Skip to content

What to expect from your first telehealth appointment

We asked a range of health professionals for the facts

A mum feeling her baby's temperature as she chats to a doctor on her iPad
A mum feeling her baby's temperature as she chats to a doctor on her iPad

Keeping healthy should be simple, and at nib we’re passionate about making it as easy as possible to look after yourself. That’s why we offer coverage for telehealth appointments for services including physiotherapy, dietetics and psychology.

And, if you're an nib member, you can now use telehealth for your next GP appointment. Whether you need a medical certificate, prescription, pathology or radiology request or just general health advice, you can see a GP at a time that suits you – all you need is your phone, tablet or computer.  

nib members (including GreenPass) receive exclusive pricing and capped booking fees as well as the comfort knowing you’ll receive the best care and advice with an Australian-based team of doctors specialised in telehealth consults.

But, when it comes to booking a telehealth appointment for the first time, you might have a few questions. Will I get the same result as an in-clinic consultation? Will I be speaking with a real person or a robot? How does it all work?

So, we reached out to a range of health professionals who offer telehealth consultations to find out eight things you can expect from your first appointment - and they all promise, there’s not an Optimus Prime, Rosie or R2D2 in sight.

1. You should receive all the information you need to set up prior to your appointment

For most telehealth appointments, you’ll be asked to join a video conference with your health professional. If you’re new to video conferencing, fear not – your practitioner should provide you with all the information you need to set yourself up for a telehealth consultation once you’ve booked your appointment.

“Prior to the telehealth consult, we provide all clients with a guide on what to expect and how to prepare. The main things you’ll likely need are a mobile, tablet or computer with a camera and an internet connection,” Rebecca Haslam Dietitian and Founder of Nutrient Nation says.

2. You might need to find yourself a quiet space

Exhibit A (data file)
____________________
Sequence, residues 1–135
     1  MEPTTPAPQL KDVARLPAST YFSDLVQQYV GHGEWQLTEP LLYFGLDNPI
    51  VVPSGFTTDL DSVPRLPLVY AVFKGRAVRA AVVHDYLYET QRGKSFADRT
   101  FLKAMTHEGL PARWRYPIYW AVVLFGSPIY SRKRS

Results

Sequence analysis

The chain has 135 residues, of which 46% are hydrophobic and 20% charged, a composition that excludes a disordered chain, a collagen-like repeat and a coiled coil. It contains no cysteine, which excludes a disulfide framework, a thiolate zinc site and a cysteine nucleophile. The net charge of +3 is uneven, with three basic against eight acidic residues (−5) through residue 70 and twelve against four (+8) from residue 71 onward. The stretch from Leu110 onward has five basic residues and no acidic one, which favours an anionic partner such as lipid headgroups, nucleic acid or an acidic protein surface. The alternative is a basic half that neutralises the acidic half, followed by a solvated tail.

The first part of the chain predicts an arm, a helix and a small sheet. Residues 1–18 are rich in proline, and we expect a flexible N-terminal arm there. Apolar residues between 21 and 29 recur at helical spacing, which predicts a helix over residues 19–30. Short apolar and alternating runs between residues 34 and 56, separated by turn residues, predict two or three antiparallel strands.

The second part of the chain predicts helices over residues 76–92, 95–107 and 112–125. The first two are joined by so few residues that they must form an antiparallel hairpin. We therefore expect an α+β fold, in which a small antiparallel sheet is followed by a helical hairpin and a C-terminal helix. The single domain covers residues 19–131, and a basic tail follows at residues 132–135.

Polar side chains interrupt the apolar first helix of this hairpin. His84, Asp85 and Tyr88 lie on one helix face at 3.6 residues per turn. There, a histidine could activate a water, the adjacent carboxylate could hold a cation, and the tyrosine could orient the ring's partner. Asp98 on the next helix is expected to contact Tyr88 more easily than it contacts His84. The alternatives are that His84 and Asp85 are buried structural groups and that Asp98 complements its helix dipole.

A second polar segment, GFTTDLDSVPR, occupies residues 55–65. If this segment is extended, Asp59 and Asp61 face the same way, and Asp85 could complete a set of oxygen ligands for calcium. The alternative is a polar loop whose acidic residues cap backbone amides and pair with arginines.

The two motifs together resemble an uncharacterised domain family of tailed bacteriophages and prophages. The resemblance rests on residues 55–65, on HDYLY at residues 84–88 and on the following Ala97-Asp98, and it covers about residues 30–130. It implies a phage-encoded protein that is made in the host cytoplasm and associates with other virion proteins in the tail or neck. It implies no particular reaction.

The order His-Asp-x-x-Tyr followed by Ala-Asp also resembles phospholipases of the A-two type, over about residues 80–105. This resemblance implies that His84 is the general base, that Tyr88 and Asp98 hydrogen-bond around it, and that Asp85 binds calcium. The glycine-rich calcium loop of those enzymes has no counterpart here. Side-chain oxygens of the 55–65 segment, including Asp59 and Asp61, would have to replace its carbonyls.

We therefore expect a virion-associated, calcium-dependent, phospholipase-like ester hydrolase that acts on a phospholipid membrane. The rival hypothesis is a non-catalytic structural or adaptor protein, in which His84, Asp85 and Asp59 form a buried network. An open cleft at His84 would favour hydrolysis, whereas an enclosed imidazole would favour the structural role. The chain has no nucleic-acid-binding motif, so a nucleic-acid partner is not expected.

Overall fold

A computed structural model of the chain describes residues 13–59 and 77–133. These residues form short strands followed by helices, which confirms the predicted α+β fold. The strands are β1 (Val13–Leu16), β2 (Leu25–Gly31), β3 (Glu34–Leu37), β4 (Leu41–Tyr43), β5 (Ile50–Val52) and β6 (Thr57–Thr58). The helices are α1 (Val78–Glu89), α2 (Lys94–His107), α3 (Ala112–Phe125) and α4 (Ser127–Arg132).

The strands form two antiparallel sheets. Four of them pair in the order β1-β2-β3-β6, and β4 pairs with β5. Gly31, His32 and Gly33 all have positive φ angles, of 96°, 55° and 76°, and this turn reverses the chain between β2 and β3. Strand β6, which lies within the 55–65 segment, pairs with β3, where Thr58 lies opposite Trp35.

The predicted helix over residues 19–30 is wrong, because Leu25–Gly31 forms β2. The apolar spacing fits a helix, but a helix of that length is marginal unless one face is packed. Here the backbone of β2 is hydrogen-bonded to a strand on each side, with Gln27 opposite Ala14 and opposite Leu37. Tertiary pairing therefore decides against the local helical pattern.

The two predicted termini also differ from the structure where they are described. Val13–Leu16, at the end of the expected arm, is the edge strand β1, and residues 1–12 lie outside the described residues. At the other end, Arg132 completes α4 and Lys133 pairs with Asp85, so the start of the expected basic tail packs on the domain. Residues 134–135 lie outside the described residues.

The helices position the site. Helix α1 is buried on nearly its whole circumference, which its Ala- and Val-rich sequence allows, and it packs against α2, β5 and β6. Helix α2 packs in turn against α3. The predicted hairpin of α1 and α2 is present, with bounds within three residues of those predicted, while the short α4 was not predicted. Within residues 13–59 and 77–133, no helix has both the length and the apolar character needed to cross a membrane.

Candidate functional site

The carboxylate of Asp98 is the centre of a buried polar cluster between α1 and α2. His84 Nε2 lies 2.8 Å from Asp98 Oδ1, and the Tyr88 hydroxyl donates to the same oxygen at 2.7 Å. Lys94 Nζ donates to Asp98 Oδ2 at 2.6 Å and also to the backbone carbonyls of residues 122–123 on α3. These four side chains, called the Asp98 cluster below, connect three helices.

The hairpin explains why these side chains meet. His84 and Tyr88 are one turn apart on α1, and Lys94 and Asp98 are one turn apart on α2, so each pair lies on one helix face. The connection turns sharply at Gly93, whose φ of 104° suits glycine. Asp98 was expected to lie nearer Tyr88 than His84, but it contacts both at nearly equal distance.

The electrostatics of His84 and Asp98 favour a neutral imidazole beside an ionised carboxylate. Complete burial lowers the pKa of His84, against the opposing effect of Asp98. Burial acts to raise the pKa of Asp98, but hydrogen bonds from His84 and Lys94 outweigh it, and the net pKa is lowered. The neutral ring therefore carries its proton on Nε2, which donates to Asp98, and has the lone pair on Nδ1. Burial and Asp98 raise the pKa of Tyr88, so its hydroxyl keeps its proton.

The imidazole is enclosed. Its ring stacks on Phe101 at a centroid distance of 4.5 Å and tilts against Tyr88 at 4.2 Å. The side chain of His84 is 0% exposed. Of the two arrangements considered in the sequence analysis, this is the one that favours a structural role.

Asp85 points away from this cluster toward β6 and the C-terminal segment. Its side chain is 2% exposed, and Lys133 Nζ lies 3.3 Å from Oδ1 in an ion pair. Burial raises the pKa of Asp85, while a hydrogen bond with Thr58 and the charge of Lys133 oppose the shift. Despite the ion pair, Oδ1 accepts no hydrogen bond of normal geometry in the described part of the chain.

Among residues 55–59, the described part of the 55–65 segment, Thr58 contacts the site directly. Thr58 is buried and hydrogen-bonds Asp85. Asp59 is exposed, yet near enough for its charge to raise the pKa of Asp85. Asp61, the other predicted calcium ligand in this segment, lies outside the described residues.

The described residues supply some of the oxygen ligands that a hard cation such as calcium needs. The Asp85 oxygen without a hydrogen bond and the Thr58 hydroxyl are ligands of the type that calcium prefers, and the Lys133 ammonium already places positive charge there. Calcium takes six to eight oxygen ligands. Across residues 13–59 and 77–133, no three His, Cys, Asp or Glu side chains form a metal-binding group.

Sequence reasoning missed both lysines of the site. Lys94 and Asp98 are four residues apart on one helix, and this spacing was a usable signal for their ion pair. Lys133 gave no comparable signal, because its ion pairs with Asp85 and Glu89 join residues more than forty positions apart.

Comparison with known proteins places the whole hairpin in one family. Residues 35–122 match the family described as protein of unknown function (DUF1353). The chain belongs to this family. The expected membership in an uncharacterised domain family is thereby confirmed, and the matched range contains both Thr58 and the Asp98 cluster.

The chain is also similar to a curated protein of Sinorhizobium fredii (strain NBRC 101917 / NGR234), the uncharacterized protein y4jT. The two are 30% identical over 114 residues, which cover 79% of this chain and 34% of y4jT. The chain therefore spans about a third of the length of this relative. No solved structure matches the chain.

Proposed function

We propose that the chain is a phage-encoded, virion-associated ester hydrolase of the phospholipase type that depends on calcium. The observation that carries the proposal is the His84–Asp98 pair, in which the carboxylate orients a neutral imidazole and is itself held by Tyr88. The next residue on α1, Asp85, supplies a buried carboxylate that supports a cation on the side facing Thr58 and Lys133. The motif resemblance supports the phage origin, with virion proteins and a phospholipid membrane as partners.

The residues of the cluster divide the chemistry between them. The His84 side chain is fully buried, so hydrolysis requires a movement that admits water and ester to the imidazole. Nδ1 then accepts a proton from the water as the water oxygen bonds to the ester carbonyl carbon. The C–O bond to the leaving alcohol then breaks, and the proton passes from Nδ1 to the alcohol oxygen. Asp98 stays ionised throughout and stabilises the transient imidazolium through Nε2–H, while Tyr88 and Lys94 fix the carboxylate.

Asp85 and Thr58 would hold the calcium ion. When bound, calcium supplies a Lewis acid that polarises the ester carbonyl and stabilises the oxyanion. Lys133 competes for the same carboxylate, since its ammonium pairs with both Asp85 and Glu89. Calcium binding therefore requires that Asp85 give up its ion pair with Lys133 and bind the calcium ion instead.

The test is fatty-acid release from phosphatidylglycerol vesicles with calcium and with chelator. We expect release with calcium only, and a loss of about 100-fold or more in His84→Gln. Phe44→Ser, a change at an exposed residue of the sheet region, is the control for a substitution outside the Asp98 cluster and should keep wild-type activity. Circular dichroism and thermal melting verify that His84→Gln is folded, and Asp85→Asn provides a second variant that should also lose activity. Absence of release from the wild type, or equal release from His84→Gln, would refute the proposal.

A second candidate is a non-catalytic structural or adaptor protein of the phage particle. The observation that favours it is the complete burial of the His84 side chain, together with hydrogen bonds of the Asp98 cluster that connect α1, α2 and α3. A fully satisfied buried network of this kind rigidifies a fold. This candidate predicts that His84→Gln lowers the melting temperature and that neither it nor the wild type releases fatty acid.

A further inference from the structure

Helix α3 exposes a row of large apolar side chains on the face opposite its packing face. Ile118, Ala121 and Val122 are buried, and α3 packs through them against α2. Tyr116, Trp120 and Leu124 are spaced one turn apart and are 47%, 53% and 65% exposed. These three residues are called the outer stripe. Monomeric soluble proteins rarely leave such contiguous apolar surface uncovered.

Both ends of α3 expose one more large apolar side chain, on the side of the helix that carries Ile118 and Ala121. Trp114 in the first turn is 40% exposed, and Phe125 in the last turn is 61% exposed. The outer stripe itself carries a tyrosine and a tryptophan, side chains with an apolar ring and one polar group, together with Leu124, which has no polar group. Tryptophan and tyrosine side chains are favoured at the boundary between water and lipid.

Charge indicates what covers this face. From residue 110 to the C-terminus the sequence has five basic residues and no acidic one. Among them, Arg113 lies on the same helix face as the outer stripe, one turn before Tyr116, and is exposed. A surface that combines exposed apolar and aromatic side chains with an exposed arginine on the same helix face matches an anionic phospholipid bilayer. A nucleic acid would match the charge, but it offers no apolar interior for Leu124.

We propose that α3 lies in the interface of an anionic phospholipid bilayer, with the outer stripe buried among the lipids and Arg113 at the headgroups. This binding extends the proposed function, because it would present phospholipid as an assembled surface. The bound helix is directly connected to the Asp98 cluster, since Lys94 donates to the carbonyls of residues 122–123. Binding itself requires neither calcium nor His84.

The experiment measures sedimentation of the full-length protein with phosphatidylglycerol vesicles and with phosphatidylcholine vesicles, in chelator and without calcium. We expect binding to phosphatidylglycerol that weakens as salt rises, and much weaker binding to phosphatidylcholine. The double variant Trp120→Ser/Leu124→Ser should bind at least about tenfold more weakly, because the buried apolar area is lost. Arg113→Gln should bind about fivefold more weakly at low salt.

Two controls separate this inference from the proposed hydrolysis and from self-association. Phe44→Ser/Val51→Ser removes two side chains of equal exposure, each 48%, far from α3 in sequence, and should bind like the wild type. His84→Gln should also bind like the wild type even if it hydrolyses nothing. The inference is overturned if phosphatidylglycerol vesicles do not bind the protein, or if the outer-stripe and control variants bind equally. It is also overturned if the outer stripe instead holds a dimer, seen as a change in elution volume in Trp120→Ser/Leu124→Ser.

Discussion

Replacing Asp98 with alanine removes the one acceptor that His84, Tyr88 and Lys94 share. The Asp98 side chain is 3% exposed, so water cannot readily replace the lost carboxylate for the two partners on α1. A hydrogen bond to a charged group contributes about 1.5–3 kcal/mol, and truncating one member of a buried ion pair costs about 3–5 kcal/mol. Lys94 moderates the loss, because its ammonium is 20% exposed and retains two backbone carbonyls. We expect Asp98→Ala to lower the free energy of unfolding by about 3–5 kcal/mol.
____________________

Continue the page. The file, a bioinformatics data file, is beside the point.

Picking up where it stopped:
Occupational Therapist Kieran Broome explains that it’s important to find a space in your house in case you require some privacy. If you’re more comfortable in a space with your children or housemates around, that’s fine too – the aim is to be somewhere that you’ll be able to get the most out of your telehealth appointment.

“On the day it can help if you’re in a well-lit room and if there aren’t too many distractions, but don’t stress if there are distractions, like kids running around the home. These things are part of your reality, and can give your occupational therapist a sense of what life is usually like for you.”

3. You might be asked for ID and consent

nib Group Medical Advisor and GP, Dr Hamish Black, explains that for general practice appointments, you might be required to show identification.

“We generally start the telehealth appointment asking for three points of ID, (like name, date-of-birth and address) and then we’ll do a brief verbal consent to treatment,” says Hamish.

Hamish explains that getting verbal consent before beginning a consult is a good way to ensure you understand and are OK with continuing the telehealth appointment. Although it’s not a requirement (NSW Health explains that consent can be simply implied through participation), some doctors prefer to have this verbal agreement to remove any ambiguity or confusion.

4. Telehealth is also an option for the kids

It’s not just adults who can take advantage of the benefits of telehealth; video consultations are also available for children and teens – and as a parent or guardian, you might be asked to be involved in the appointment.

Kieran explains, “When it comes to occupational therapy, if the appointment is for a child, the parent or caregiver will likely need to be very involved; whether it’s doing guided activities with the child or taking onboard the feedback from the therapist. Depending on the child’s age, we can also work directly with the parent or caregiver to build their skills in supporting their child.”

Are you pregnant, or have a child under 3? At nib, we offer the nib Nurture program. This online program can be completed on your smartphone, tablet or laptop. Using evidence-based education, Nurture aims to help prepare parents for what to expect during the early stages of pregnancy through to the first three years of your child’s life.

5. Your goals and outcomes should still be the same

The beauty of a telehealth appointment is that where telehealth is appropriate for the patient and condition being treated, most patients will have the same outcomes from their consultation as they would have had in a face-to-face clinic.

Specialist Musculoskeletal Physiotherapist at Pain Options, Darren Beales explains, “The telehealth consultation will be very much like a regular physiotherapy visit, just over a video link rather than face-to-face. The appointment itself does not change a lot, just the mode of delivery changes.”